“Challenge yourself. If you don't understand how to play it, play it until you understand.”
I was recently reading a study on brain health and memory, which inspired me to share one of my personal hobbies that has brought me vast amounts of joy and great memories: Playing games. About 2,000 men and women, age 70 and older, participating in the long-running Mayo Clinic Study of Aging showed that those who used the computer at least once a week were 42% less likely to develop memory and thinking problems than those who rarely logged on. This study also showed that playing games would decrease the chances memory loss by 14%. I was really encouraged by 'this, because this news helps to encourage families to get together in the home and play a game. Board games that include strategies, counting, and moving parts/pieces like Monopoly, or remembering who and what you have eliminated in a "who-done-it” game like Clue, or even keeping track of the shares owned by each player in the real estate game Acquire (my all time favorite) are GREAT brain boosters.' Games not only challenge and keep the brain firing, they also bring families and friends together. Games help children learn how to lose, and more importantly, how to be a gracious winner. They also teach parents how to throw a win to one of the children without letting them realize it. Games open mouths to mothers that need to hear how their children each deal with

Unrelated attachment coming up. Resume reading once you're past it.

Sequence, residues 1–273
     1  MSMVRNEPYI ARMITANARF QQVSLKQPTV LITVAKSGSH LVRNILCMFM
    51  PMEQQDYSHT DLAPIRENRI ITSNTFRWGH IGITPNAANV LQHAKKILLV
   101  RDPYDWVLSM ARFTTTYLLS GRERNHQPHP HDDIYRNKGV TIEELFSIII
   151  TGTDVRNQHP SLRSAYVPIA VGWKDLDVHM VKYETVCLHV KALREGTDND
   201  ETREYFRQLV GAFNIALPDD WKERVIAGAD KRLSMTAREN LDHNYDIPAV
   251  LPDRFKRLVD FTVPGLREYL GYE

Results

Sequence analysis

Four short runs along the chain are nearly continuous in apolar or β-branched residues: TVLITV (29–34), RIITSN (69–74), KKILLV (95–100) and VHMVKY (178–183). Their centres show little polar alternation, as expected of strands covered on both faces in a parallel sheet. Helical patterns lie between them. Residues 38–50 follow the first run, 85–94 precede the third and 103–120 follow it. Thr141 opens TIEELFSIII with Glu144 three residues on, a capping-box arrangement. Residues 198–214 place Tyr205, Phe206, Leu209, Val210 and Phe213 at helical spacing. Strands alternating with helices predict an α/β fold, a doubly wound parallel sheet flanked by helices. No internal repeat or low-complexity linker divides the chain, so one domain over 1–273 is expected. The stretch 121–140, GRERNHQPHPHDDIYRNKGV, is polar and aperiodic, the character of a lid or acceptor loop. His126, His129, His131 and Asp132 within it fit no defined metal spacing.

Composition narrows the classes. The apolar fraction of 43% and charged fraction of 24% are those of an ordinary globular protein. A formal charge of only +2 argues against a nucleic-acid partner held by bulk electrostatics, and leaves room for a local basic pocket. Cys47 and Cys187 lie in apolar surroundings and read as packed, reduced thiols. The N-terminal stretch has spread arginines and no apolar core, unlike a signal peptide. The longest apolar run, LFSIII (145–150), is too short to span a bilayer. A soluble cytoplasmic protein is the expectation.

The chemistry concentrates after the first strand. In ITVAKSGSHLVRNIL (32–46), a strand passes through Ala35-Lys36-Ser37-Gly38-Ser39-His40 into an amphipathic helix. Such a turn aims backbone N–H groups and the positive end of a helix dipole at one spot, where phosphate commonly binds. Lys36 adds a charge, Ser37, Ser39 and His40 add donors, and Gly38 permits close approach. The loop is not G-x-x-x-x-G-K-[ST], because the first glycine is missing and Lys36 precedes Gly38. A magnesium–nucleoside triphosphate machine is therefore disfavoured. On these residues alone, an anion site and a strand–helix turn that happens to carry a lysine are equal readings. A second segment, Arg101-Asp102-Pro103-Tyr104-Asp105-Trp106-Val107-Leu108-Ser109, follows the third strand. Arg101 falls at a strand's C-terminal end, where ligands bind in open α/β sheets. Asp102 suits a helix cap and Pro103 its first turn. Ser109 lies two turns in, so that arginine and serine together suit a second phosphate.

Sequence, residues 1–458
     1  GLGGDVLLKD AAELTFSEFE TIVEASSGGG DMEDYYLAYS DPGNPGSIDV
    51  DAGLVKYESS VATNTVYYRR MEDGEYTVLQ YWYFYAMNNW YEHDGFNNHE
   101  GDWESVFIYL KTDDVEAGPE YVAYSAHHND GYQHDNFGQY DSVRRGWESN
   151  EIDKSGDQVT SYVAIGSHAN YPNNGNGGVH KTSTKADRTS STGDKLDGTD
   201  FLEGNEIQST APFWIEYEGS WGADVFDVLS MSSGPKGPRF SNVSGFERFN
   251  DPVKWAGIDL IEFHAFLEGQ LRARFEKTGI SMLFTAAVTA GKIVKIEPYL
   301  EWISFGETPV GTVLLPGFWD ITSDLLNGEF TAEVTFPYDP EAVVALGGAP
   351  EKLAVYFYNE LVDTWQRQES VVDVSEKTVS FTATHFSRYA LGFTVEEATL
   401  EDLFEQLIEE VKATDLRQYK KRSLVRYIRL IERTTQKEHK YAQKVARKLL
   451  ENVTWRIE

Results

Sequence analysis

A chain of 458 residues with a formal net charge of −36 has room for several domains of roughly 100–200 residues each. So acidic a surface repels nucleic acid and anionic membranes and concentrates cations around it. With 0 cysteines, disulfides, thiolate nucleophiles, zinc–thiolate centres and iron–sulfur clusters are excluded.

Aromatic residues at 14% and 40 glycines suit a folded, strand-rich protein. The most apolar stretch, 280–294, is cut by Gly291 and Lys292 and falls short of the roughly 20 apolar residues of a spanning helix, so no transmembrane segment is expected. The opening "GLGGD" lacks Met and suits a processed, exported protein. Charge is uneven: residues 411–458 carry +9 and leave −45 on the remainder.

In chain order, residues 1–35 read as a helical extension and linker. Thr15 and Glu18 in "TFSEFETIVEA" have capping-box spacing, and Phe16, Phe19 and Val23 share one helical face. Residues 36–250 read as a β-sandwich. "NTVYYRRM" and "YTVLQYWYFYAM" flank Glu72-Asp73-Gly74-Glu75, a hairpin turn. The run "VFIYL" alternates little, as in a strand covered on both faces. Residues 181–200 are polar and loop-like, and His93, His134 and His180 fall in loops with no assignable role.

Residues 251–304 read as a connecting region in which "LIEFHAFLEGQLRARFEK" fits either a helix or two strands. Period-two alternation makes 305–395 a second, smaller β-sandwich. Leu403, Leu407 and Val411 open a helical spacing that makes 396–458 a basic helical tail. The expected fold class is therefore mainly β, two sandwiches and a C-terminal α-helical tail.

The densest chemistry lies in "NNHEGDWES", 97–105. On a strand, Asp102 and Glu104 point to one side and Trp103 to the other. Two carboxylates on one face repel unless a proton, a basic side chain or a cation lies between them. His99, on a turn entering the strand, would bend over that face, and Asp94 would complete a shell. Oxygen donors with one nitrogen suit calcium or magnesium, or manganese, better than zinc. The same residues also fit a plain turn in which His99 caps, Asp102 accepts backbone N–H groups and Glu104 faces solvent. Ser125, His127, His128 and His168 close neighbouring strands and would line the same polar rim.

challenges, and they teach children how to ask for help in understanding rules. This list is a just a drop in the bucket of benefits from playing games.
We work full-time, and we all have causes we commit time and energy to. We are bombarded by media on our phones, TVs, even the radio in the car. Entertainment is
good, but experiencing it with family and friends is better. This upcoming generation has more options than ever to escape into entertainment, but we need to remember the importance of turning off electronics every so often. Would we know what to do with our families and friends if there were no phones, no computers, no TVs?
Here are some ideas to help a family that is new to game playing:
- Look at the age ranges and time keys on the outside of the game's box. Start with a time and age that you feel is a little 'shorter and younger than you feel like you would like, and ease into it with family members.
- Find theme games that your family would enjoy.
- Read the instructions, and then search YouTube for a video on how to play the game. Play a round or two to get the hang of it, and then start over. Play as teams, and ask your young children to be on your team. This will help them get the game play down while still having an advantage to the older kids, and it's a great way to work closely with them.
- Look at games you're thinking about on boardgamegeek.com, and read the user reviews. This will help you choose a better game for your group/situation.
- If you aren't committed to finishing a game you can share with friends, invent a game! You will have gone through a great deal of strategy and mental work in designing it.
- When your family or friends are ready, step it up. Play some intense strategy games, like Risk. This is great for children and adults to maintain the skill of learning something new.